Foreclosures dropped dramatically during September throughout the Northern San Joaquin Valley, but don't start celebrating yet.
Experts warn that the decline was caused by a change in state law that simply may have delayed -- not stopped -- foreclosures.
Whatever the result, statistics from ForeclosureRadar show Senate Bill 1137's impact has been striking:
Notices of default, the first stage of the foreclosure process, fell 62 percent in Stanislaus, San Joa-quin and Merced counties in September compared with August.
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Notices of trustee sale, the last warning in the process, fell nearly 47 percent.
Foreclosure sales dropped 19 percent.
The law, which took effect Sept. 8, makes lenders meet strict homeowner notification requirements before they can start the foreclosure process.
"Clearly, SB 1137 has had a huge impact on notices. Only time will tell if the impact is beneficial or only delays the inevitable," said Sean O'Toole, founder of ForeclosureRadar, which tracks California foreclosures.
Mortgage defaults have devastated the region's real estate and financial industries, making the Northern San Joaquin Valley the foreclosure capital of the nation.
In Stanislaus County alone, more than 10,000 homeowners have defaulted on $3.44 billion worth of mortgages during the past two years, according to ForeclosureRadar statistics.
To ease the crisis, Senate Bill 1137 requires homeowners be told they can get free financial counseling to help them avoid foreclosure.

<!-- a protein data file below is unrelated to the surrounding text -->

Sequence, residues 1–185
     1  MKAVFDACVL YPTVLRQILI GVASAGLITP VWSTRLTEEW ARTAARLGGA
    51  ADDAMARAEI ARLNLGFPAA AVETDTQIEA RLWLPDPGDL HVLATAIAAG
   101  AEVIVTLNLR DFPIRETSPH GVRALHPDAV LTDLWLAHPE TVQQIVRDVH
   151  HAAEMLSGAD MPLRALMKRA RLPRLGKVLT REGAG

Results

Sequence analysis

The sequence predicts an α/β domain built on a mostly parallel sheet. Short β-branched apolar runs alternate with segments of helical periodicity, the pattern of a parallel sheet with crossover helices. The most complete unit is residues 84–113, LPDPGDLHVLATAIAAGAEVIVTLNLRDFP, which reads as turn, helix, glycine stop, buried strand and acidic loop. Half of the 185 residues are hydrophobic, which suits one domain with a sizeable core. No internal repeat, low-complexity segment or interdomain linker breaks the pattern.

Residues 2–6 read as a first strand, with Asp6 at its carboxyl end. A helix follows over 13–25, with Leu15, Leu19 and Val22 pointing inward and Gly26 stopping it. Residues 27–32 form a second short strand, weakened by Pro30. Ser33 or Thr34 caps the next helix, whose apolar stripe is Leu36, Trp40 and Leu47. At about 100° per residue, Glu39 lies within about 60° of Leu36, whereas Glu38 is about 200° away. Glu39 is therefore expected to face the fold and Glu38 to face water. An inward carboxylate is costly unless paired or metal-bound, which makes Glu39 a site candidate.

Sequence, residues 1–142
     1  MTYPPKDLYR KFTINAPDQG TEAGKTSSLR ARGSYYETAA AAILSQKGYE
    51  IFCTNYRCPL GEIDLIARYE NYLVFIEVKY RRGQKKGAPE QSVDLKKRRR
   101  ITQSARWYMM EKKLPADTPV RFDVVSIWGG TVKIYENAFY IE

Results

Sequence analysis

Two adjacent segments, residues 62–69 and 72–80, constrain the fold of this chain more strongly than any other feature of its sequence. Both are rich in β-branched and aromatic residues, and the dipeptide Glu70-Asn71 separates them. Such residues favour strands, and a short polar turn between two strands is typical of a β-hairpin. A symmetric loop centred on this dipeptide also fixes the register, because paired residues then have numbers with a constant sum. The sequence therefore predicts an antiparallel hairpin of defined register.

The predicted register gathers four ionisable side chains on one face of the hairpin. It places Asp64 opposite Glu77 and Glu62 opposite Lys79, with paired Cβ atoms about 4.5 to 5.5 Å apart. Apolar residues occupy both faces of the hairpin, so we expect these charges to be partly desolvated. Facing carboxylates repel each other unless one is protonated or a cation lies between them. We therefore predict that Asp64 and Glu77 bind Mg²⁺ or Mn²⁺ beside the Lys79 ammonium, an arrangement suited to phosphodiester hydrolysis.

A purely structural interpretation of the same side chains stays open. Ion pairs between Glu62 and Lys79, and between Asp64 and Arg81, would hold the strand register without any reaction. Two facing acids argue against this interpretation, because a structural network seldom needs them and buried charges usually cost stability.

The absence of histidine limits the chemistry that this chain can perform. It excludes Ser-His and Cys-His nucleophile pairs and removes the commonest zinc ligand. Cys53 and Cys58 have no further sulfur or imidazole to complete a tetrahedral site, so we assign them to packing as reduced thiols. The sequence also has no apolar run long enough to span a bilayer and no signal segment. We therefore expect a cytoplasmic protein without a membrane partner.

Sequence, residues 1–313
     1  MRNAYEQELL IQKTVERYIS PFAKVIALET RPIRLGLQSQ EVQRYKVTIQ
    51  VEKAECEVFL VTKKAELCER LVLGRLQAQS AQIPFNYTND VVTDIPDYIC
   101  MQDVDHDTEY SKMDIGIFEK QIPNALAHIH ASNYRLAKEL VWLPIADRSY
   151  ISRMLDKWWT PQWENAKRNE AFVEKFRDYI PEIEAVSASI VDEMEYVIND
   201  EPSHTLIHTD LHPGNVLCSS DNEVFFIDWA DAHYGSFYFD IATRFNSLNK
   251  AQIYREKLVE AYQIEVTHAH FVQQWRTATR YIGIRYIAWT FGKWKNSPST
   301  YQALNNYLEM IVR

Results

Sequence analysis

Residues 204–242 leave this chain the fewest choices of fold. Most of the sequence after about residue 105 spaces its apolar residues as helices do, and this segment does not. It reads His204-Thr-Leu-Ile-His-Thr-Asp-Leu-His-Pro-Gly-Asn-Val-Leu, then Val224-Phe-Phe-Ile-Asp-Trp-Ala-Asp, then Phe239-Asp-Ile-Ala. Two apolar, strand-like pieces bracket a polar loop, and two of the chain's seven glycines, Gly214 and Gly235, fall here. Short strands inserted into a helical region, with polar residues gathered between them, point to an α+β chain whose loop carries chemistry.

"We've had a 96 percent increase in inbound call volume during the last five weeks," said Martha Lucey, president of ByDesign Financial Solutions. Her nonprofit housing counseling service is certified by the U.S. Department of Housing and Urban Development to serve Stanislaus, San Joaquin and Merced counties.
Lucey is optimistic that with more homeowners seeking help, fewer may end up losing their homes.
"But we haven't seen any dramatic movement in workout success" during mortgage default negotiations with lenders, Lucey said. "If workouts aren't done, then SB 1137 may just be delaying foreclosures."
Modifications not required
The law was designed to encourage lenders to modify loans rather than foreclose them, but it doesn't require deals be made. It does, how-ever, make lenders contact homeowners before starting the foreclosure process, and it increases the waiting time after contact is made.
"We expect SB 1137 to have no long-term impact beyond delaying the foreclosure process for homeowners and slowing the overall recovery," O'Toole said. "Given the significant negative equity now occurring in most California foreclosures, modifying loans to affordable levels either requires large principal balance reductions or extending the unsustainable teaser rates that created the foreclosure crisis in the first place."
O'Toole said that if lenders start reducing the principal balances owed on many loans, then "they are likely to encourage nondefaulting homeowners to default in the hopes of securing similar reductions."
That ultimately would increase defaults, not decrease them as intended, O'Toole predicted.
Chad Costa, a Modesto real estate broker who specializes in selling previously foreclosed, bank-owned property, also predicts that the new law won't help much. He said the regulations are "just delaying when those assets will hit the market."
He expects the result will be a surge in foreclosures by the end of the year.
"The silver lining here is that this area is now more affordable. Keep in mind there are a lot of buyers that have been unable to buy a home until now," Costa said. "The challenge is that there are fewer first-time home buyer loan programs due to the credit crunch."
Costa said sales are swift for homes that are priced right, such as those less than $200,000.
Of the bank-owned properties he represents, Costa said he has more than 120 offers in negotiations to buy 56 properties. But he has 51 other properties for sale that don't have any offers to buy.
Bee staff writer J.N. Sbranti can be reached at email@example.com or 578-2196.